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Is there a simpler way to do the following:

def replace(txt,pos,new_char):
    return txt[:pos] + new_char + txt[pos+1:]

to do the following?

>>> replace('12345',2,'b')
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Why cant you use replace? –  Harpal Apr 3 '13 at 17:14
I can't think of anything better in the general case. What are you trying to achieve exactly? –  Pavel Anossov Apr 3 '13 at 17:21
Note that if you are writing to file your best bet may be to not create the new string and just pass the pieces individually to your_file.write(piece). –  Steven Rumbalski Apr 3 '13 at 18:19

3 Answers 3

up vote 3 down vote accepted

Just tested some solutions to find the best performance,

The tester source code was:

import __main__
from itertools import permutations
from time import time

def replace1(txt, pos, new_char):
    return txt[:pos] + new_char + txt[pos+1:]

def replace2(txt, pos, new_char):
    return '{0}{1}{2}'.format(txt[:pos], new_char, txt[pos+1:])

def replace3(txt, pos, new_char):
    return ''.join({pos: new_char}.get(idx, c) for idx, c in enumerate(txt))

def replace4(txt, pos, new_char):    
    txt = list('12345')
    txt[pos] = new_char

def replace5(txt, pos, new_char):
    return '%s%s%s' % (txt[:pos], new_char, txt[pos+1:])

words = [''.join(x) for x in permutations('abcdefgij')]

for i in range(1, 6):
    func = getattr(__main__, 'replace{}'.format(i))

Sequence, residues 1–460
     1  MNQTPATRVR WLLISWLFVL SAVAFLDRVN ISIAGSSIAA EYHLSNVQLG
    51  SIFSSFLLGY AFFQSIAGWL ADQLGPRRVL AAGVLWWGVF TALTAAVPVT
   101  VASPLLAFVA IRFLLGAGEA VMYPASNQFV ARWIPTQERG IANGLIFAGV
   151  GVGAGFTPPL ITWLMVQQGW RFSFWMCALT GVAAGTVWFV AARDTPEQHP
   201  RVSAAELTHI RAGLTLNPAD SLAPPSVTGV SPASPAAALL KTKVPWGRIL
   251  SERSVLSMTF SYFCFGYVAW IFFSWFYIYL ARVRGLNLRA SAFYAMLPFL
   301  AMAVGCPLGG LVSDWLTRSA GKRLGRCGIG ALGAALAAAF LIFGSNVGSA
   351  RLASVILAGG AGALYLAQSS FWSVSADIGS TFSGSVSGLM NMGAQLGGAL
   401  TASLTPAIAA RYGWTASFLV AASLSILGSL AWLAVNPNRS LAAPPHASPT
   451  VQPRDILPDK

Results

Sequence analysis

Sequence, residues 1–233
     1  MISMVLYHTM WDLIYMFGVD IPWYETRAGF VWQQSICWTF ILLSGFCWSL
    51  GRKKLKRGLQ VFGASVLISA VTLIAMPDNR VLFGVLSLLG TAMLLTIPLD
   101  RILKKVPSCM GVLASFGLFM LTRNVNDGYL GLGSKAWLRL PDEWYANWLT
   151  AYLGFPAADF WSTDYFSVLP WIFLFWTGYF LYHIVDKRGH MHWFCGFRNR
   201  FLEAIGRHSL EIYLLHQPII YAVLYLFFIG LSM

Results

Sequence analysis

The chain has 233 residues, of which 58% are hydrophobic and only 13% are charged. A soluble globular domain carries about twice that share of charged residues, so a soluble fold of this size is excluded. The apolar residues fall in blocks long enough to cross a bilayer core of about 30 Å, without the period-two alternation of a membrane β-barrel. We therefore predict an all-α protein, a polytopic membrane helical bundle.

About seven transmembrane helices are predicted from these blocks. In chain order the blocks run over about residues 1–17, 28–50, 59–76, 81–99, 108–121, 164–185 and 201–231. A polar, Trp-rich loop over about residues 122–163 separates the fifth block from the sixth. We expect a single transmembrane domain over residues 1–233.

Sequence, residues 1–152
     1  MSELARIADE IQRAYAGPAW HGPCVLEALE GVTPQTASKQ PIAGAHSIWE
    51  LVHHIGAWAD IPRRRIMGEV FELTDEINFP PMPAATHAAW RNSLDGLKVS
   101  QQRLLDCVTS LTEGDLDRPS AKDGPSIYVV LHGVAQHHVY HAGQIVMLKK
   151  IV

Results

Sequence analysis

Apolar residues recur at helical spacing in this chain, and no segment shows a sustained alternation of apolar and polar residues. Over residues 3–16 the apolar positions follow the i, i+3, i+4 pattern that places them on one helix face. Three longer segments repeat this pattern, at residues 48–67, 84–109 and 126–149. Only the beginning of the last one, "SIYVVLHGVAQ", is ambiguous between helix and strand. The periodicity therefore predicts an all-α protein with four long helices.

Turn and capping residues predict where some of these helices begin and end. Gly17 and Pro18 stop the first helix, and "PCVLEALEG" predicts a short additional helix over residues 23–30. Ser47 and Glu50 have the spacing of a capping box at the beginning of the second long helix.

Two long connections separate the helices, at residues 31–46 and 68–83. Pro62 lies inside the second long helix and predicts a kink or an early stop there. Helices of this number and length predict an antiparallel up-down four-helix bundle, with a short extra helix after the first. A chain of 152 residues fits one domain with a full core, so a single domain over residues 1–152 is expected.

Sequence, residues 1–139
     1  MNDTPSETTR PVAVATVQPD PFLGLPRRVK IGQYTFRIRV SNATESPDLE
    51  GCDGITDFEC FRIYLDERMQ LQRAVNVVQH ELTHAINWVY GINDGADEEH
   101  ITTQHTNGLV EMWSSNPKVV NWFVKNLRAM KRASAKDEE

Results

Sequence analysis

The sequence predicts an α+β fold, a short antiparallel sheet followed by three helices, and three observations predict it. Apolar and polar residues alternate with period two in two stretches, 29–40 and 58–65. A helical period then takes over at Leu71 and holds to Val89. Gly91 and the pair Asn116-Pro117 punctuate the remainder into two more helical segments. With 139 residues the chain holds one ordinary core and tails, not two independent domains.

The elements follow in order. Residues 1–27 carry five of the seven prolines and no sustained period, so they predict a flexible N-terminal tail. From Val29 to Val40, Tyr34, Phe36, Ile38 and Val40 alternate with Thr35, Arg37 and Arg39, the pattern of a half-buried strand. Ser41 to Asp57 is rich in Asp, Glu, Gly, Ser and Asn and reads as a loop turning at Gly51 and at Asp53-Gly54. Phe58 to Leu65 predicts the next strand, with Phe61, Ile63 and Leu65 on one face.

start = time()
    for word in words:
        result = func(word, 2, 'X')
    print time() - start

And it's the result:

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Care to back it up with some measurements? –  Pavel Anossov Apr 3 '13 at 17:13
@PavelAnossov I thaught it creates one new string instead of two, No? –  MostafaR Apr 3 '13 at 17:13
No, it creates the format string, two slices, and the result. OP's replace creates two slices, a temporary result of concatenation, and the result, So four for four. –  Pavel Anossov Apr 3 '13 at 17:16
@PavelAnossov Thanks. –  MostafaR Apr 3 '13 at 17:34
@MostafaR: Technically, one could use re.sub: re.sub('(?<=.{%s}).' % pos, new_char, txt, count=1 –  Steven Rumbalski Apr 3 '13 at 20:40

Not sure if this is simpler:

>>> txt = list('12345')
>>> txt[2] = 'b'
>>> ''.join(txt)
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Not sure about "better", but an alternative is to adapt something like the following:

>>> ''.join({2: 'b', 4: 'x'}.get(idx, c) for idx, c in enumerate(s))
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